Herland Report: Morgaging America’s Future: The top levels of power in society control the economy, the political system and often the geopolitical development.
We therefore present some infographics that may explain the history and some of the reasons for the success of the Federal Reserve and the US Dollar.
will happen in the future, remains to be seen. (Illustration feature photo and below infographics, by Fortunly)
“The United States has been a military powerhouse for as long as we can remember. The country’s defense budget consistently outsizes those of those next-biggest spenders.
In 2019, America’s $717 billion is greater than China’s $177 billion fourfold.
The US armed forces have a presence on almost every continent around the globe.
The country has over 400 bases, not including the installations located in its overseas territories such as Puerto Rico, Northern Mariana Islands, and Guam.
Most of America’s military facilities are hosted by Germany and Japan, two of its main World War II adversaries, with 87 and 86 installations, respectively, writes Milica Kostic for The Herland Report.
She is a Content Development Specialist at Fortunly, Blogger at SmallBizGenius, Techjury and Hosting Tribunal.
According to Fortunly, the USD has been instrumental in enabling American-based importers of raw materials to flourish.
Weapons manufacturing contributes hundreds of billions of dollars to the US economy. This lucrative business, however, is nothing but a mirage.
War on Terror Golden Age for Military-Industrial Complex
Former US President Dwight Eisenhower’s fear became a reality during George W Bush’s presidency. Although the United States has not been at war for just 21 years since its birth as a country, the golden age of the modern military-industrial complex began when the Bush administration launched the “Global War on Terror” following 9/11.
Since 2001, defense has usually typically received the lion’s share of the massive US budget. Of course, the number-one buyer of American arms is the US government itself.
Furthermore, US friends have been swelling the coffers of American military contractors. Saudi Arabia alone bought US arms worth $13.7 billion between 2008 and 2018, accounting for nearly 60% of the oil-rich country’s weapon imports.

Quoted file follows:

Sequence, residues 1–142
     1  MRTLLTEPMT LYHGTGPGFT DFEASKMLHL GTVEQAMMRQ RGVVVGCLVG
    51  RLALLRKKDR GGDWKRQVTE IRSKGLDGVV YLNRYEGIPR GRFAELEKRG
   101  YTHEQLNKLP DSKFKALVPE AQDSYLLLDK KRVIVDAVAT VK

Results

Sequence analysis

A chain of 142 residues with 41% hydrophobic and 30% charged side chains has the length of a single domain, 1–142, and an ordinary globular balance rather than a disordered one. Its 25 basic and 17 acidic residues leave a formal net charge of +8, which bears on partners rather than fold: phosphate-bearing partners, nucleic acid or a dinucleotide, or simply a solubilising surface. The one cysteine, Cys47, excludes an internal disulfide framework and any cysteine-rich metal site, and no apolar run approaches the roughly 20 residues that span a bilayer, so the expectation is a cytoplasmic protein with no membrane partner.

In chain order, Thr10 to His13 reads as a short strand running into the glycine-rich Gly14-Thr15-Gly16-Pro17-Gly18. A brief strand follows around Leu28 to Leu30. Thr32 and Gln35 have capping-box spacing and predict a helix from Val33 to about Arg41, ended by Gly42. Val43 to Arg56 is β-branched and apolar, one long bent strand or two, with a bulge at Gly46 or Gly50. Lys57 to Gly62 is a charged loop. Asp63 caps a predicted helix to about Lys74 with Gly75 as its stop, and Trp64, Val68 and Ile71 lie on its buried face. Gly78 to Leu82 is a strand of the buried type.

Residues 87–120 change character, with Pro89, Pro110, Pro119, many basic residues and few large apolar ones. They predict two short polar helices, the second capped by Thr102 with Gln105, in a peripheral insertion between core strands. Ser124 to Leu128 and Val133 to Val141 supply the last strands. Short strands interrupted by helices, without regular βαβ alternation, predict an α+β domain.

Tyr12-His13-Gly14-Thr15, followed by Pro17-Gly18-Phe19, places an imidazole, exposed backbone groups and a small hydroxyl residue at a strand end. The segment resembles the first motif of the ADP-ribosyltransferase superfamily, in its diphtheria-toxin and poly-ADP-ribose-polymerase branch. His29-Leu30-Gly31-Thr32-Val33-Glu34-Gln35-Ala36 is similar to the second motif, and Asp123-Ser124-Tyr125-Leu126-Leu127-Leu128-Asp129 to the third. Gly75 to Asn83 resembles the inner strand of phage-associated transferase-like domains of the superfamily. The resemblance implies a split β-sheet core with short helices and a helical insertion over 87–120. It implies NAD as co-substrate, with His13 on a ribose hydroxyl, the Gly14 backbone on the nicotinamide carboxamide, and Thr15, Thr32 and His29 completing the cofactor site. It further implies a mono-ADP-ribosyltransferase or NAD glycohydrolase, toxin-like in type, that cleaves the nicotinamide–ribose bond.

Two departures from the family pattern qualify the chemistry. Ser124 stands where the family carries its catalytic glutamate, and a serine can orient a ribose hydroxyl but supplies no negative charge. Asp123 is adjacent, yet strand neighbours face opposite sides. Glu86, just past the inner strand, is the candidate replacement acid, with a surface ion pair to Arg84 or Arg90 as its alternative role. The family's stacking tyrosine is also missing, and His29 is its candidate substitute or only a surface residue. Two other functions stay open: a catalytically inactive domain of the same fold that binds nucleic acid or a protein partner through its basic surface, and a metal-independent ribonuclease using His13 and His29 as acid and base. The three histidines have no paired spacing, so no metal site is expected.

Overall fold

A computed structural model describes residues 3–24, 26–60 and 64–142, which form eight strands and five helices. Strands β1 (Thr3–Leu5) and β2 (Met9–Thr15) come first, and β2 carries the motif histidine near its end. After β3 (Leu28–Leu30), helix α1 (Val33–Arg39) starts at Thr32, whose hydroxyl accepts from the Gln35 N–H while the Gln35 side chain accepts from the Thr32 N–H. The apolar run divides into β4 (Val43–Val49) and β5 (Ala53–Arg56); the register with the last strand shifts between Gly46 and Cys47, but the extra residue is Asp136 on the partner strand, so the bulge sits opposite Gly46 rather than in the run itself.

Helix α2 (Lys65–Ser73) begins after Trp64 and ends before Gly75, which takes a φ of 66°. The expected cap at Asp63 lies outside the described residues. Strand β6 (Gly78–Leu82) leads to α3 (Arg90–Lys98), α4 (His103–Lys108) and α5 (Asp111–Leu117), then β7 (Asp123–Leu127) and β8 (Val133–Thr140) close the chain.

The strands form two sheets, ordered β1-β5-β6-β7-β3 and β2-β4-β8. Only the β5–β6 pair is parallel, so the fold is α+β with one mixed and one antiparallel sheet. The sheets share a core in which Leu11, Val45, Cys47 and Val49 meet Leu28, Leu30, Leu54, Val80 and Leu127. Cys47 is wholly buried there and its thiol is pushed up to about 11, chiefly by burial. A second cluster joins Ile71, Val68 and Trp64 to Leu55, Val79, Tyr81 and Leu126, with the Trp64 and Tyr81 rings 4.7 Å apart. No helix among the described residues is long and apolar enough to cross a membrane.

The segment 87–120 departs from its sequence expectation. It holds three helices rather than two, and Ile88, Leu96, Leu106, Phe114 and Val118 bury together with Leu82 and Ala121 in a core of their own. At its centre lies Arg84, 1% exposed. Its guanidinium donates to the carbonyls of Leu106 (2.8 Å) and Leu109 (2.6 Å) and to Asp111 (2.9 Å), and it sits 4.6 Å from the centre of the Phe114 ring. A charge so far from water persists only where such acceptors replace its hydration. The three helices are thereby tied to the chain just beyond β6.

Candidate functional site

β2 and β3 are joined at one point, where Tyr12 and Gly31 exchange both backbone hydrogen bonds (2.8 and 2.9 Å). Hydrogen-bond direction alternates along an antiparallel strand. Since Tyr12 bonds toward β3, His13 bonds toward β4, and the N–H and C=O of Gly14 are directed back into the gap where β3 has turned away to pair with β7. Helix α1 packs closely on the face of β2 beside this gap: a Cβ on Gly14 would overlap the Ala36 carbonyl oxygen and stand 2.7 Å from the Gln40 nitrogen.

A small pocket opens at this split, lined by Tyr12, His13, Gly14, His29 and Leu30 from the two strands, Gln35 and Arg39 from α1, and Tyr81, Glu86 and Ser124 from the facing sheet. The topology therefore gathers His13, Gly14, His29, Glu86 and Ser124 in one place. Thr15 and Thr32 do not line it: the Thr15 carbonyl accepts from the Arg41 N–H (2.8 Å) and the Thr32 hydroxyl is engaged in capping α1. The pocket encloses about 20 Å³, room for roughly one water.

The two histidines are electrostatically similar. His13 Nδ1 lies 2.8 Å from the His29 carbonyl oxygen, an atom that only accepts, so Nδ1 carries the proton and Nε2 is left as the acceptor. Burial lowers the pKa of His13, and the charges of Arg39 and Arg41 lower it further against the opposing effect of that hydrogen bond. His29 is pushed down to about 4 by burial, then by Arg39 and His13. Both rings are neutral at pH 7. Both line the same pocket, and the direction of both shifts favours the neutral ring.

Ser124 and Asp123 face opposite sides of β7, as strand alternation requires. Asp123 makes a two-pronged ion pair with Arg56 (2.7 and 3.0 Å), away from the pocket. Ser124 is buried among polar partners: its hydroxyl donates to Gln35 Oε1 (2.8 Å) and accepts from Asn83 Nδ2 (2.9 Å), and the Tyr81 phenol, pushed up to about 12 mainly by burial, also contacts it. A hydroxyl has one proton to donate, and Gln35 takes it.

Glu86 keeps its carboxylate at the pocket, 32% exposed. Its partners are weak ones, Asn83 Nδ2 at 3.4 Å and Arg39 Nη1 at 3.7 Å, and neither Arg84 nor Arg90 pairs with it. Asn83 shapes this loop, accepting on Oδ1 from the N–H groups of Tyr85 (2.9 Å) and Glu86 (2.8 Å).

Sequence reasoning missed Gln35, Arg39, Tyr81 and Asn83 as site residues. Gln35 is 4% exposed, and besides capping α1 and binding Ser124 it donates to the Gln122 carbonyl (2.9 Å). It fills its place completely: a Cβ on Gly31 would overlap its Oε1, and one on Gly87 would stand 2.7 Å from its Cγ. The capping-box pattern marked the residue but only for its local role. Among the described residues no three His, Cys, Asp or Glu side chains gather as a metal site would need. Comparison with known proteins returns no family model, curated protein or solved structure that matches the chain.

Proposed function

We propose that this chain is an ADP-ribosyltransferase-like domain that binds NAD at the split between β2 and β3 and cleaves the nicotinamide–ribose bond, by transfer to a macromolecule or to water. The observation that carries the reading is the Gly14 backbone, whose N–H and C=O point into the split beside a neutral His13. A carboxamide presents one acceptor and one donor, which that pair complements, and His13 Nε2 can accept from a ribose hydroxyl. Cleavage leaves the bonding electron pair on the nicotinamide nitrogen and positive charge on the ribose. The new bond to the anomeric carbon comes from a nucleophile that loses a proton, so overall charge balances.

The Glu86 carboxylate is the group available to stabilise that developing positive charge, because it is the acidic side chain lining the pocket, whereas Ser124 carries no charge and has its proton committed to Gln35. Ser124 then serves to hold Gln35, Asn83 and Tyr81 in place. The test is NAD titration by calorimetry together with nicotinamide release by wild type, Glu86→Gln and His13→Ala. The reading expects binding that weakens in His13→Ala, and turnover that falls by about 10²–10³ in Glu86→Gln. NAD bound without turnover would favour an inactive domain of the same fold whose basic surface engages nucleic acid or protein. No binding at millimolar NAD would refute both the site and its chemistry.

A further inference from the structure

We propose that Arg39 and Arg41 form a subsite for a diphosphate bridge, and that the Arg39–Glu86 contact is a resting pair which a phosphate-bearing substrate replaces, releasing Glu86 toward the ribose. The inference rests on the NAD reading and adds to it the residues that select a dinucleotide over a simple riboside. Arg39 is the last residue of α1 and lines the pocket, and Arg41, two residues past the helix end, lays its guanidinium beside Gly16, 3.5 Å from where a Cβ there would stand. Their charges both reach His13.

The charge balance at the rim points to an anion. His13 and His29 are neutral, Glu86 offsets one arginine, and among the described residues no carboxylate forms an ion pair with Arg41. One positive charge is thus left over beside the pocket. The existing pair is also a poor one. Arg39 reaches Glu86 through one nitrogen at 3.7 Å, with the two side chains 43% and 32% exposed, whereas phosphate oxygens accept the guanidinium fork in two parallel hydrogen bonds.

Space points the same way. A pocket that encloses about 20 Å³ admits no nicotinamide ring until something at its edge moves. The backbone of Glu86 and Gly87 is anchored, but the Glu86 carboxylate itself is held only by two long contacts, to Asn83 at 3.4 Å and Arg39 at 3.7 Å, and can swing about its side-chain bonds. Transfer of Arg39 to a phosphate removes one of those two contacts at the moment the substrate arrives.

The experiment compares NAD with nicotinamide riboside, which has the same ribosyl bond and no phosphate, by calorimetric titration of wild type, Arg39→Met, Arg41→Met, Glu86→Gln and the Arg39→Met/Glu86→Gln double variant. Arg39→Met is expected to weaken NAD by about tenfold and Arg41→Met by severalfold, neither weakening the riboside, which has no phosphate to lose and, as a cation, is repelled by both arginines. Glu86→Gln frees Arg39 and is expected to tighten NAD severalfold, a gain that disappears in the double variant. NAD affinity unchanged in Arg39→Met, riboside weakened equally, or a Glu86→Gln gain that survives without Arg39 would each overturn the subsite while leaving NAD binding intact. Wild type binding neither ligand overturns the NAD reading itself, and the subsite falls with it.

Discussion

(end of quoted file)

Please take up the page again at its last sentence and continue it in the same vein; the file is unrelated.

Moreover, the prolonged American invasion of Afghanistan has been giving the military-industrial complex a steady source of revenue for almost two decades.
Considering the financial and political clout the military-industrial complex now commands, Eisenhower is proven right about his fear of the unbridled US military expansionism.
Rumor has it that Eisenhower was supposed to use the term “military-industrial-congressional complex” to shed light on the situation in his 1961 Farewell Speech.
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Century of Credit
The US government has been guilty of deficit spending on practically bottomless defense resources. From 2000 to 2019, the outstanding debt of the United States has exploded over 400%. What once was just $5.6 trillion pre-9/11; now stands at over $22.6 trillion.
What is even more concerning is that most Americans are largely indifferent to the money their government has been spending on its military escapades abroad.
For nearly 20 years, the War on Terror was chiefly financed via the Overseas Contingency Operations funds. Such supplement appropriations are not subject to rigorous oversight. As a result, the executive branch never had to worry about a spending cap or think of serious public accountability for its military expenditures.
The use of credit instead of taxation to raise substantial funds for defense is perhaps the best explanation for the disinterest of most Americans in their government’s proactive and voluntary participation in Middle Eastern conflicts.
War financing has not been discussed enough in the US Congress in this century. This norm is the opposite of the tremendous regulatory scrutiny the matter received during the Vietnam War.
Taxation for Posterity
Americans today do not pay war taxes to fund the US government’s military operations overseas. The next generations will, however.
The United States’ ballooning national debt is expected to double in 30 years. With so much “free” money to be made, it’s hard to say whether the military-industrial complex has any intention in bringing genuine peace to the world any time soon.
Economic observers are not sure how long the American government can sustain its over-dependence on borrowing, and out-of-control defense spending. The only thing that’s certain is that US citizens of the future will eventually have to pay the price of the military’s policies one way or another.